Role of open necrosectomy in the currentmanagement of Acute NecrotizingPancreatitis: A Review ArticleK. Vasiliadis, C. Papavasiliou, A.Al Nimer, N. Lamprou, C. Makridis. ISRN Surg. 2013;2013:579435. doi: 10.1155/2013/579435.Epub 2013 Jan 28Contraindications for open necrosectomy [14, 17]. Pancreatic and/or peripancreatic necrosis without evidence of infection or clinical deterioration Early operation (within 1 week from onset of acute pancreatitis)
Role of Open... (Vasiliadis contd) Indications and timing for open necrosectomy [14, 17]. The operation should be undertaken as late as possible, when necroses have been ceased, viable and nonviable tissues are well demarcated, and infected necrotic tissues are “walled off”. Pancreatic and/or peripancreatic necrosis complicated by documented infection (guided FNA culture or extraluminal retroperitoneal gas) Sterile necrosis: (a) Progressive clinical deterioration despite maximal medical treatment (b) “Fulminant acute pancreatitis” Massive hemorrhage or hollow viscus perforation
Surgery in Acute Pancreatitis: Indicationsother than Infected Necrosis.1. When the patients condition deteriorates, often with the failure of one or more organ systems even in sterile necrosis2. To drain a pancreatic abscess, if percutaneous drainage does not produce the desired result.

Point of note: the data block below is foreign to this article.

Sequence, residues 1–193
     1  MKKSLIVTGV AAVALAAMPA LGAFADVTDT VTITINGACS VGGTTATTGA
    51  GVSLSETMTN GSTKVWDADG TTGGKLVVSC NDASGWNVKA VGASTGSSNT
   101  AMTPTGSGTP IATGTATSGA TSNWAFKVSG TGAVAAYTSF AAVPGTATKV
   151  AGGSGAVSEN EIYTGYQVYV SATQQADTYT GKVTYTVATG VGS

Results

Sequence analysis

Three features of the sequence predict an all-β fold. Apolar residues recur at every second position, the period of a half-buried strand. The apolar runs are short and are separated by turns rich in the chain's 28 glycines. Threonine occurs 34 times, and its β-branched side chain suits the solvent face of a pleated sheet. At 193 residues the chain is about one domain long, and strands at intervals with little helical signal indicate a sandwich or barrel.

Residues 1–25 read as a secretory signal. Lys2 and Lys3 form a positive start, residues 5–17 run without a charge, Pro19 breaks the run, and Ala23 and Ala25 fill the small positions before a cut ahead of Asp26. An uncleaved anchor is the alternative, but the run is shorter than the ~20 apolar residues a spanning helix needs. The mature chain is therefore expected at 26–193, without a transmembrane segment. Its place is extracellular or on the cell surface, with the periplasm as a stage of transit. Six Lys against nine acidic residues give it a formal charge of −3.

Timing of cholecystectomy after mildbiliary pancreatitis: a systematic review. van Baal MC, Besselink MG, Bakker OJ, van Santvoort HC, Schaapherder AF, Nieuwenhuijs VB,Gooszen HG, van Ramshorst B, Boerma D; Dutch Pancreatitis Study Group. Ann Surg. 2012 May;255(5):860-6. doi: 10.1097/SLA.0b013e3182507646. Interval cholecystectomy (40 days) after mild biliary pancreatitis is associated with a high risk of readmission for recurrent biliary events, especially recurrent biliary pancreatitis. Cholecystectomy during index admission for mild biliary pancreatitis appears safe, but selection bias could not be excluded.
Timing of cholecystectomy after mild biliary pancreatitis.Bakker OJ, van Santvoort HC, Hagenaars JC, Besselink MG, Bollen TL, Gooszen HG, Schaapherder AF;Dutch Pancreatitis Study Group. Br J Surg. 2011 Oct;98(10):1446-54. doi: 10.1002/bjs.7587. Epub 2011 Jun 27 Between 2004 and 2007, patients with acute pancreatitis were registered prospectively in 15 Dutch hospitals. Patients with mild biliary pancreatitis were candidates for cholecystectomy. Recurrent biliary events requiring admission before and after cholecystectomy, and after endoscopic sphincterotomy (ES), were evaluated. CONCLUSION: A delay in cholecystectomy after mild biliary pancreatitis carries a substantial risk of recurrent biliary events. ES reduces the risk of recurrent pancreatitis but not of other biliary events .